• You can assume that all boards are square of dimensions n * n, where n is a positive even integer.
• You can assume that all boards are finished.
• You may take input as a 2D array containing values signifying 0 and 1, or as a string.
• You must output consistent truthy and falsey values for truthy and falsey boards, and the values representing "truthy" and "falsey" cannot be the same.

This is , so shortest code in bytes wins!

• 1. "No three horizontal or vertical grids in a row can be the same": there's only one grid. I propose rewording as "No horizontal or vertical line of three cells can be the same". 2. Related: codegolf.stackexchange.com/q/68646/194 , codegolf.stackexchange.com/q/118856/194 . Note that because this question works through a long example before stating very briefly that (in essence) the example is irrelevant to the question, it can very easily mislead people into thinking it's an exact dupe of the second of those related questions. – Peter Taylor Aug 27 '17 at 16:49
• ...also note that the example you run through before giving the task can actually be performed by only using rule (2). – Jonathan Allan Aug 29 '17 at 6:47
• @PeterTaylor Will fix the example and other points, I wasn't active for a while, sorry for the late reply. – clismique Aug 29 '17 at 6:48
• @JonathanAllan Through fixing PeterTaylor's suggestion I also fixed yours :P – clismique Aug 29 '17 at 6:53
• By "You must output distinct truthy and falsey values for truthy and falsey boards" do you mean "consistent" ones - i.e. the Truthy (falsey) value is to be the same for each time a valid (invalid) board is input? The normal definition of Truthy vs Falsey is language dependent: any values that conditionally evaluate as such (i.e. such that the equivalent of the pseudo-code if myVal then print("True!" else print("False!") works as expected). – Jonathan Allan Aug 29 '17 at 7:05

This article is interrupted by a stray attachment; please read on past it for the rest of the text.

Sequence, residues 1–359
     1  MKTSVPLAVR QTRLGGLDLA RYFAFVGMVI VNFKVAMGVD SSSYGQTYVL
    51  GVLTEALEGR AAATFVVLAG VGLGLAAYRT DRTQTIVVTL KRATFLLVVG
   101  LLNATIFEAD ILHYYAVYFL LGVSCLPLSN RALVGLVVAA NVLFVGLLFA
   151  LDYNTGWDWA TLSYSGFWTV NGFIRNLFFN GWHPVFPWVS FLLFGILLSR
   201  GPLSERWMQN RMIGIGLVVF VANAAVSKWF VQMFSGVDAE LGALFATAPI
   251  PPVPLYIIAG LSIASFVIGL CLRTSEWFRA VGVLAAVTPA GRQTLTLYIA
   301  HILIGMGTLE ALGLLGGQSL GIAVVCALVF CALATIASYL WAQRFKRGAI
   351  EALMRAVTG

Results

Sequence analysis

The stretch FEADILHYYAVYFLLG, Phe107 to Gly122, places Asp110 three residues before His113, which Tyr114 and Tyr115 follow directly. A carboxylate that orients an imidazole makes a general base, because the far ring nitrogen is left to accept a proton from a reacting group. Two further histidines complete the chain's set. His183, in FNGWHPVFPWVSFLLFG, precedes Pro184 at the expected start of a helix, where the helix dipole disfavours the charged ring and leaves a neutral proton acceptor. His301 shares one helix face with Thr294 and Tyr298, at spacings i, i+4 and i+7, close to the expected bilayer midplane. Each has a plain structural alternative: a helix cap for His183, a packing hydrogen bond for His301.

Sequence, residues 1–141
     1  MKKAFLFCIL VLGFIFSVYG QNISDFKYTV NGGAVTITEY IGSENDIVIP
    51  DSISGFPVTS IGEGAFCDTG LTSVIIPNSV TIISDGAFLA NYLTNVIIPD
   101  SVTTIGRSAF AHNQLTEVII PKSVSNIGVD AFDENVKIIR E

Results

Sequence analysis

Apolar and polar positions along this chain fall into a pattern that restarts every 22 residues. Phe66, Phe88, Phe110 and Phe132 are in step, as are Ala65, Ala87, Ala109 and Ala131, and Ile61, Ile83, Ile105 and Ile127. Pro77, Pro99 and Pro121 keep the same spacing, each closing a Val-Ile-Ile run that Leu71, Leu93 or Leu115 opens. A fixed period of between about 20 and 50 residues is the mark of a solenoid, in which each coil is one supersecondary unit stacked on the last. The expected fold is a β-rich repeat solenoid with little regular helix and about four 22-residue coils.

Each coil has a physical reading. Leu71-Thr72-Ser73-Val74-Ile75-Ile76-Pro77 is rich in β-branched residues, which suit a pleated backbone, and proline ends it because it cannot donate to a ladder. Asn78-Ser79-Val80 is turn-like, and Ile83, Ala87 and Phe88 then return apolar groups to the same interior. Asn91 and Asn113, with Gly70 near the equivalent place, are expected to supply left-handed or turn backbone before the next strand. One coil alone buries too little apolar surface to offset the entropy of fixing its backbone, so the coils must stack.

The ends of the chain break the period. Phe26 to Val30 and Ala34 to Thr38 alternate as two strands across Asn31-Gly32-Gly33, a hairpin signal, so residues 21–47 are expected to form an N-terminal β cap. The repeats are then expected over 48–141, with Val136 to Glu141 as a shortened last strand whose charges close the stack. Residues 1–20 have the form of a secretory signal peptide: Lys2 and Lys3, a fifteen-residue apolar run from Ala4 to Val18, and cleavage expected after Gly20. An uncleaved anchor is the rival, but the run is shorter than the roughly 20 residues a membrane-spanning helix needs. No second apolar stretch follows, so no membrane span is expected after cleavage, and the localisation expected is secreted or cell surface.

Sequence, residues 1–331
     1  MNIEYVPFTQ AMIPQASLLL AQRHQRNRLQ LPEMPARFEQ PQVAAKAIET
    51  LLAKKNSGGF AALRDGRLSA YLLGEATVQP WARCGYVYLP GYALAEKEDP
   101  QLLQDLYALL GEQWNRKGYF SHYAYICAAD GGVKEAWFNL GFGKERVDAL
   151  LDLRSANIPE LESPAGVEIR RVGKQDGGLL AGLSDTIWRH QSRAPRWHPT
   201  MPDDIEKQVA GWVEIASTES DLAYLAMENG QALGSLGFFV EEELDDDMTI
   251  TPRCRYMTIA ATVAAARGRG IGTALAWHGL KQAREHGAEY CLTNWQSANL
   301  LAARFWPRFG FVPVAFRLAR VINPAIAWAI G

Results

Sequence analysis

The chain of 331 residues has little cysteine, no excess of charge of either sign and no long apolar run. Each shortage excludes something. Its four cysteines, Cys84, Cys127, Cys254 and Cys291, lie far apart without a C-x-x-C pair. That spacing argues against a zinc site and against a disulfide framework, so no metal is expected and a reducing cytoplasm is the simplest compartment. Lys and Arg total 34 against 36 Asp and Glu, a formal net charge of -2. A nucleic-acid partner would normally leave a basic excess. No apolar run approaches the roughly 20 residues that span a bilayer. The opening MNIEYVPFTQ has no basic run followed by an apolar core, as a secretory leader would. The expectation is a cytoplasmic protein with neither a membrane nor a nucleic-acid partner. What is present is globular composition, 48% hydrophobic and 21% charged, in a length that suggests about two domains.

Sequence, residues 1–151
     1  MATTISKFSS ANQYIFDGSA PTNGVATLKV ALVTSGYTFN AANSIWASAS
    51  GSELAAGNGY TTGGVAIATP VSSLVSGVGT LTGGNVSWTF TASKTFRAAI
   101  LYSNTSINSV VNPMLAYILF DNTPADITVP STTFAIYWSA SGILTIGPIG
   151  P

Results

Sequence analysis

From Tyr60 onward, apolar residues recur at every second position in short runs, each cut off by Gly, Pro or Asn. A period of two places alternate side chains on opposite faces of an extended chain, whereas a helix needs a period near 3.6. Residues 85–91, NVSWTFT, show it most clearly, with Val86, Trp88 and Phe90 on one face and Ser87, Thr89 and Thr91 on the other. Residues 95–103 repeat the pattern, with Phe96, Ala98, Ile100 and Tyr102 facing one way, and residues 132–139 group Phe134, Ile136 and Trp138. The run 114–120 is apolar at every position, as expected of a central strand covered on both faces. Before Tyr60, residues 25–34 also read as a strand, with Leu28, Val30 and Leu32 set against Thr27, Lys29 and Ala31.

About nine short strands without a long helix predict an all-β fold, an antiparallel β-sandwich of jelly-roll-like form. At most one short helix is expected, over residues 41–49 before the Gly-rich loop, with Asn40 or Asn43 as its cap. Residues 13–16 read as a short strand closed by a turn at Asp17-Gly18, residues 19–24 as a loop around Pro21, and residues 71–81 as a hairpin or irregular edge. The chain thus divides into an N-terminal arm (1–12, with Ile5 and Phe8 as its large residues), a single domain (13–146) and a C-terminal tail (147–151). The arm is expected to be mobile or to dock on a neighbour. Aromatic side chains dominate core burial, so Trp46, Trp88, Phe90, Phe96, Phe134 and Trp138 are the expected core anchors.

# Align the Words

Given a list of words l output them as follows:

• Iterate through l, if it's the first word, output it as usual.
• If it's not the first word, iterate through this nth word and:
• Find the first letter of word n that's in word n-1.
• Align the first occurrence of that letter in word n with the first occurrence in word n-1 and print it on the next line.

# Worked Example

Input: [ace,face,please,keep,sheeple]

1: ace

2:  ace
face

3:  ace
face

4:  ace
face
keep

5:  ace
face
keep
sheeple

[Note: You only print step #5, the rest is to show the process.]


# Rules

• Lowest byte-count wins, this is .
• All consecutive words in the input list l will have at least 1 letter in common.
• If the input is invalid, any return is fine (error, nothing, etc...)
• A word is defined here as a collection of a-z (lowercase ONLY alpha characters).
• Related, not a dupe. – AdmBorkBork Sep 11 '17 at 18:48
• To be clear, are we to output every step along the way, or just the final arrangement? If every step along the way, what's an appropriate separator? – AdmBorkBork Sep 11 '17 at 19:04
• @AdmBorkBork final product, should make that clear I s'pose. – Magic Octopus Urn Sep 11 '17 at 21:13
• Are we allowed to use uppercase only instead of lowercase only as well? Not really relevant for the programming language I usually golf in, but I can imagine it's relevant for some programming languages. – Kevin Cruijssen Sep 26 '17 at 12:00

# 100 Letters is the Perfect Amount

Oxford dictionary lists the most commonly used English letters in the following order:

EARIOTNSLCUDPMHGBFYWKVXZJQ


And assigns each the following frequencies:

For the purpose of this challenge, the diagram will be simplified as follows:

z   1
q   1
x   1
j   1
k   1
v   1
b   2
p   2
y   2
g   2
f   2
w   2
m   3
u   3
c   3
l   4
d   4
r   5
h   6
s   6
n   6
i   6
o   7
a   8
t   9
e   12
TOT 100


Now, onto the task at hand; I've provided you all with a dictionary of words to choose from, using this dictionary of words choose as many as you want to output. However the catch is that you must have EXACTLY the count above of each letter in the output using 7-12 words.

# Scoring

• Your base score is the length of your code in bytes.
• You are allowed to go over or under on the number of letters required, each letter above or under results in a +5 byte penalty.
• If the number of words you've used is between 7 and 12, no penalty is incurred.
• IF it is less than 7, subtract 5 per missing word.

# Rules

• You may use any word from the provided dictionary.
• Each word you output must be distinctively separated by either a space or a newline.
• Once a word combination has been posted, you may not use more than 6 of that answer's words together in a new answer.
• This will be enforced by post date.
• This is
• Your score will be as defined in the scoring section.
• How can you get a meaningful penalty for going under the number of letters required when you must have AT LEAST the count above of each letter? – Jonathan Frech Sep 19 '17 at 0:21